The hydroxyl radical (˙OH) has been considered to be one of the most reactive oxygen species that are produced in biological systems. Frequently, ˙OH formation is ascribed to the transition metal-catalyzed Fenton reaction. During the study of the molecular mechanism for the genotoxicity of the wood preservative pentachlorophenol (PCP), we found that ˙OH could be produced by H2O2 and PCP metabolite tetrachloro-1,4-benzoquinone (TCBQ) independent of transition metal ions. Further studies showed that TCBQ, but not its corresponding semiquinone radical, is essential for ˙OH production. Metal-independent production of ˙OH could also be observed with other halogenated quinones and H2O2. Based on these data, we propose that ˙OH production by TCBQ and H2O2 is not through a semiquinone-dependent organic Fenton reaction, but rather through a novel nucleophilic substitution and homolytical decomposition mechanism. This represents a novel mechanism for ˙OH production not requiring the catalysis of redox-active transition metal ions, and may partly explain the potential carcinogenicity of the widely used biocides such as PCP and other polyhalogenated aromatic compounds.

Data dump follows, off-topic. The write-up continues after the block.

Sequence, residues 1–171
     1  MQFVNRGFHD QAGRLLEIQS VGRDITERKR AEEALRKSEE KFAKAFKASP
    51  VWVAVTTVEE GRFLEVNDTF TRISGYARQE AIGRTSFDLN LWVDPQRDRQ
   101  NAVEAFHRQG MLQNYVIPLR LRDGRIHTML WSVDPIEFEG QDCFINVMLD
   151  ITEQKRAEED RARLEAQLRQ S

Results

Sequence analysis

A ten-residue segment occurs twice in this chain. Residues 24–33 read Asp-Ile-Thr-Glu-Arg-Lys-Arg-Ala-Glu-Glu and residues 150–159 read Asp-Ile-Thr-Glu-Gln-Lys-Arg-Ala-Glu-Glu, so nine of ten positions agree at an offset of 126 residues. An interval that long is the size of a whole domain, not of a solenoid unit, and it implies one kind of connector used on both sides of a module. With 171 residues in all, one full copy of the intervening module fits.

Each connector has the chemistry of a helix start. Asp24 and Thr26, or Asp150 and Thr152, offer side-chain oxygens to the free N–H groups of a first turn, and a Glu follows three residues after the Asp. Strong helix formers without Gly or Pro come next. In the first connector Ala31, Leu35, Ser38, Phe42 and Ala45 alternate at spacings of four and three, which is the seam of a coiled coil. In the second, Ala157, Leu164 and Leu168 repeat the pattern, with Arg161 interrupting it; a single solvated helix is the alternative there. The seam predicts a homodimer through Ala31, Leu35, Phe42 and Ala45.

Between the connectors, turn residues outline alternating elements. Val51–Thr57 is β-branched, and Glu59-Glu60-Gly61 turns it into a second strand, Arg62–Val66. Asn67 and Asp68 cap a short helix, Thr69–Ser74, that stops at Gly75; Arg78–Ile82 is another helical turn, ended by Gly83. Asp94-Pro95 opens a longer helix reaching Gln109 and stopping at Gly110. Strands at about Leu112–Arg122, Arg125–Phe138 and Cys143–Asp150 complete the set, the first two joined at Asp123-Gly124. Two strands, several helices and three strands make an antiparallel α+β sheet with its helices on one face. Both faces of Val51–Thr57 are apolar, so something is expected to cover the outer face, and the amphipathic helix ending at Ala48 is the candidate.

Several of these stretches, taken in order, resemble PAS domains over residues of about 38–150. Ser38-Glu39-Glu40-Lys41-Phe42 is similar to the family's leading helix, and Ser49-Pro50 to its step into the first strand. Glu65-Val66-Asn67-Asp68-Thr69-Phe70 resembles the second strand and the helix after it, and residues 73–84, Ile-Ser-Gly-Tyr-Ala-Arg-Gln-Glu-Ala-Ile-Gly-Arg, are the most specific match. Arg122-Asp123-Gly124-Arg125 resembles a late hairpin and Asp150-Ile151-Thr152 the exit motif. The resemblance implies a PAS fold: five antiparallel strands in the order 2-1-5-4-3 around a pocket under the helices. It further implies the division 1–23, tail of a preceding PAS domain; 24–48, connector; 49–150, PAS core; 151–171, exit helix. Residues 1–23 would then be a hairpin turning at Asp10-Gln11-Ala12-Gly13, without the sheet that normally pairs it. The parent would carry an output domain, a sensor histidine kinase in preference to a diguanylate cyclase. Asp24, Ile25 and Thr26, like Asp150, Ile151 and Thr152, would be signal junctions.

Keywords: Hydroxyl radical, Tetrachloro-1,4-benzoquinone, Electron spin resonance (ESR) spin-trapping, Hydrogen peroxide, Carcinogenicity, polyhalogenated aromatic compounds
Rights & PermissionsPrintExport